Third. Fourth. Second. Those have been Oregon’s rankings in the final AP college football polls the last three seasons. Three consecutive years of top four finishes are impressive for any school – Oregon is only school with a current streak that length – but what would it take to finish in the top four for fifteen consecutive years? That is the number of seasons necessary for a team to break the mark set by the Florida State Seminoles, who from 1987-2000 finished every season in the top four of the AP Poll.
To find out why, I ventured to Tallahassee, FL, to try and find the answer, and while the final answer remains elusive, here are two of the lessons I learned along the way:
1) It is so easy to commit a NCAA violation; you might not even know you’re committing one.
Getting to Florida from Oregon is a long flight, and long flights typically require early morning starts to one’s trip. My flight was no exception, with the 7:00 AM departure time leaving me more than a little incoherent.
After checking in, I found myself in the TSA screening line directly behind a high school-aged kid wearing some Oregon gear who was traveling with his parents. I find more often than not I will chat up a fellow Duck in those circumstances, and if they’re high school-aged and still deciding on schools, it is opportunity to discuss my experiences in Eugene to help them better make a decision on the best college for them.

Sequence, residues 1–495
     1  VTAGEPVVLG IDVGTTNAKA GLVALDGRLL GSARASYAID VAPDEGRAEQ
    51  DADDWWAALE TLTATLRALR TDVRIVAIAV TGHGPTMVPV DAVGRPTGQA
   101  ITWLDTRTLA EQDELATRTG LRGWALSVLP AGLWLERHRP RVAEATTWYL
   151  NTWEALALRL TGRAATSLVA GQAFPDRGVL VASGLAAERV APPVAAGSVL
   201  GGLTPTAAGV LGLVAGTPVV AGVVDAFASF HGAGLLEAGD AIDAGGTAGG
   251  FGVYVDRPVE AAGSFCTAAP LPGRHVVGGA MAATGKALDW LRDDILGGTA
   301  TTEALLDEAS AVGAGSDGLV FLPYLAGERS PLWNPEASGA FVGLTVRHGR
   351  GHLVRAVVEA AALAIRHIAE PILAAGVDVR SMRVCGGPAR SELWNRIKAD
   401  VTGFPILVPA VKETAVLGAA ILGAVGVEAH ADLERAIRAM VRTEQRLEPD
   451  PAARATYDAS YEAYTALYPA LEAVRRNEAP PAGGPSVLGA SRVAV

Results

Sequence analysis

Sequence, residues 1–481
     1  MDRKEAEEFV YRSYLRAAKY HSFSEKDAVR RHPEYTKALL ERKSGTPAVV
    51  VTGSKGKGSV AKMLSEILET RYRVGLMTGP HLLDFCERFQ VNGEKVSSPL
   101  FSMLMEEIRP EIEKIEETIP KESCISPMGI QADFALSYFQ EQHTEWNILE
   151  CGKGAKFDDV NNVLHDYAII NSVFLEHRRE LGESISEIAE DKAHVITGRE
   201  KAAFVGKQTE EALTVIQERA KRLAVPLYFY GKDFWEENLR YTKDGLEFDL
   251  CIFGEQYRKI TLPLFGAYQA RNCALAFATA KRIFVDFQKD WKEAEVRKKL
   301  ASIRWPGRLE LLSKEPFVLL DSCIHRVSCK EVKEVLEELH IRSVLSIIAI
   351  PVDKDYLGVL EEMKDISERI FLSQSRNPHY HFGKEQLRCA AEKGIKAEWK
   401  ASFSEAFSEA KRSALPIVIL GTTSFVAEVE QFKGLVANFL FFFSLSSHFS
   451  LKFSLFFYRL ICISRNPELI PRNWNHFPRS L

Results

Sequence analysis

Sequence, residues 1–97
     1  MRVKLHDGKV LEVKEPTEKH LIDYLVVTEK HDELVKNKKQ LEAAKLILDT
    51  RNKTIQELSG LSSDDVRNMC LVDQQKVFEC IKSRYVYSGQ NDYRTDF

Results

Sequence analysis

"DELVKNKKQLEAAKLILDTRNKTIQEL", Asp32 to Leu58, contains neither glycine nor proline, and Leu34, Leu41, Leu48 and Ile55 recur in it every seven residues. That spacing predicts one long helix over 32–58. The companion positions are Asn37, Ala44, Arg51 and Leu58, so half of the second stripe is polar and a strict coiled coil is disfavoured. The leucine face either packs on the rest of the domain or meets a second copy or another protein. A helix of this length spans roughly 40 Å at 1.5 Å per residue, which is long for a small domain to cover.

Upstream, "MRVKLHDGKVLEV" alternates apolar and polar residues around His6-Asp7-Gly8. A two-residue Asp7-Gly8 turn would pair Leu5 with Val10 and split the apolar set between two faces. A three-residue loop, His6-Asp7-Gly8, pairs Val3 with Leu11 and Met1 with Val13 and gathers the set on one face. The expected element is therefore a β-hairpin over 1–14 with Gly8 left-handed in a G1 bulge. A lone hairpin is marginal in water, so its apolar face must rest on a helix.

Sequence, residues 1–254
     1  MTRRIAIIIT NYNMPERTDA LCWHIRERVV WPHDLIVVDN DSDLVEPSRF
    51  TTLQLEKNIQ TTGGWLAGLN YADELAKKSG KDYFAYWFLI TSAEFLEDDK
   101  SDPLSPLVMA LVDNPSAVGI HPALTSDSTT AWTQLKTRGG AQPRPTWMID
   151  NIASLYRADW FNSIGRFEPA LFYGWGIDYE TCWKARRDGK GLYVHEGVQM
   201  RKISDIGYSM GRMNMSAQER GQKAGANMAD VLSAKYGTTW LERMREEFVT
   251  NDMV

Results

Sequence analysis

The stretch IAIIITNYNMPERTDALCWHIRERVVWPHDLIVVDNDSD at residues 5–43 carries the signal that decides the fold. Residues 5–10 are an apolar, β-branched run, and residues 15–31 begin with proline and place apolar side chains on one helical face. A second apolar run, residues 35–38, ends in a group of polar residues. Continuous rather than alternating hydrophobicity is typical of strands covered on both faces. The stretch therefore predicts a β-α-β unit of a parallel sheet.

The early start to the day had robbed me of all gregariousness; I wasn’t talking to anybody, instead concentrating all my energy on the necessary motor skills to navigate such a process at such an early hour. I never spoke to the kid, although I hoped his Oregon attire meant he was seriously considering going there.
Turns out he was, because the person in front of me was Tanner Carew, who had committed the night before to the University of Oregon. Upon learning this, I realized how fortunate I was to be beset by fatigue and a lack of interest in starting conversation with total strangers.
As a season ticket holder for the University of Oregon, the NCAA classifies me as a “booster”. More specifically, I can never be anything but a booster, because according to NCAA rules, once an individual has been identified as an institutional “representative of athletics interest” the individual retains that title for life. (Information found here in the NCAA Donor Guide.)
Additionally, “A booster may not have any (my emphasis) contact with a prospective student-athlete. Contact includes phone calls, letters, and faxes.” Also, “if unavoidable incidental contact occurs, only normal greetings may take place.”
So no contact was made, since I never started a conversation with him. Drowsiness prevented a NCAA violation.
Now you might say, “those circumstances seem perfectly innocuous? The NCAA wouldn’t care, right? You didn’t even know that he was a recruit.” In the practice of common sense, that would be true. Then we hear stories like the one University of Portland men’s basketball coach Eric Reveno tweeted last month, where he told of learning about a NCAA punishment for a student-athlete using university water to wash their car.